The reason I want to cover this topic is because of our own experience over 20 yrs ago when we lived in Phoenix, AZ. We had two dogs named Rick and AJ. My husband and I took our young daughters to the fireworks display that was close to our house. We put our dogs outside. We had an 6ft high perimeter fence so we thought all was good. Little did we know that things weren’t good.
As soon as the fireworks started going off the dogs must have gotten scared. AJ which was a golden retriever became so scared that he broke through the back fence. Rick was soon to follow. We came home and the dogs were gone. Shortly after we arrived home, we received a call that AJ was hit by a car. He was more scared of the loud bangs then he was of cars. They told us he was in bad shape.
AJ broke his leg and had to have surgery. They asked us if we wanted to spend the money to try to save him or should they put him down. We opted for trying to save him. We brought him and Rick home and AJ died anyhow a couple months later. There was just too much damaged with him.
The following day as I was heading to a bus stop. I noticed two dogs that must have been tied to leases in their back yards. These adult dogs became so scared that they tried to jump the back fence of their homes and ended up hanging themselves.
My husband and I have never left our dogs at home alone or unsupervised on the 4th of July or on New Years. This was such a horrific experience that I would never want to live through again and I would never want to put my dogs through again.
Dr. Marty Becker of Vetstreet.com points out that it’s perfectly logical for dogs to hate fireworks: “Fireworks are bombs, for Pete’s sake. It makes sense to be scared!” Marc Elias, principal officer of Pooch Pals LLC, agrees: “Simply put, fireworks, to your dog, is like an artificial lightning/thunderstorm times ten!” Humans may come to enjoy the explosive annual tradition, because of the visual payoff .
And many dogs’ method of coping — bolting at top speed, then hiding — is why animal shelters see such a big uptick in intakes right around the Fourth, Elias adds. “There are two directions they can take, flight or fight.
Not only are there the phobia dangers, there is the health risks to our pets if they should get into them. I found this list on petmd.com… Not all states allow fireworks unless they are done by the city. But if you live in a state like I do, this may help you keep your pets safe.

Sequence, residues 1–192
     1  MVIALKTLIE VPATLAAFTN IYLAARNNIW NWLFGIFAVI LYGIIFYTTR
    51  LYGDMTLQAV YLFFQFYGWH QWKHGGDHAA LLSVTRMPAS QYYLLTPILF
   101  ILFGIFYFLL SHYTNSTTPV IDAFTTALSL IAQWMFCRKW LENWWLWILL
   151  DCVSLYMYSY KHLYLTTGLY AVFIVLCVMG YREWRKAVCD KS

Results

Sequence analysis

If you do store fireworks in your house, keep in mind that unused fireworks can be poisonous if ingested by curious dogs or cats. Fireworks contain hazardous chemicals such as:
- Chlorates (these are potent oxidizing agents which are harmful to red blood cells and kidneys)
- Soluble barium salts (these can cause a life-threatening drop in potassium)
- Sulfur Coloring agents (which can contain dangerous heavy metals)
Clinical signs of firework poisoning include:
- A painful abdomen
- Bloody diarrhea
- Tremors Seizures
- Acute kidney failure
- Bone marrow changes
- Shallow breathing
- Yellowing of the skin (jaundice)
As with any poison, the severity of the poisoning is dependent on the type of firework, the amount ingested, and what type of coloring agents it contains. Thankfully, severe poisoning isn’t very common.
Finally, don’t let your dog near the backyard fireworks show you may be having. Fearless, unsupervised dogs may actually be curious enough to approach a lit firework, resulting in thermal burn injuries to the nose, face, lips and mouth, as well as eye irritation. Avoid any problems by keeping pets a safe distance from fireworks — lit or unlit!
I didn’t do this blog posting to stop you from having a nice fourth of July and enjoying fireworks. I did this so that everyone is aware that what is fun for us, isn’t always fun for our pets. We need to make sure our pets are safe.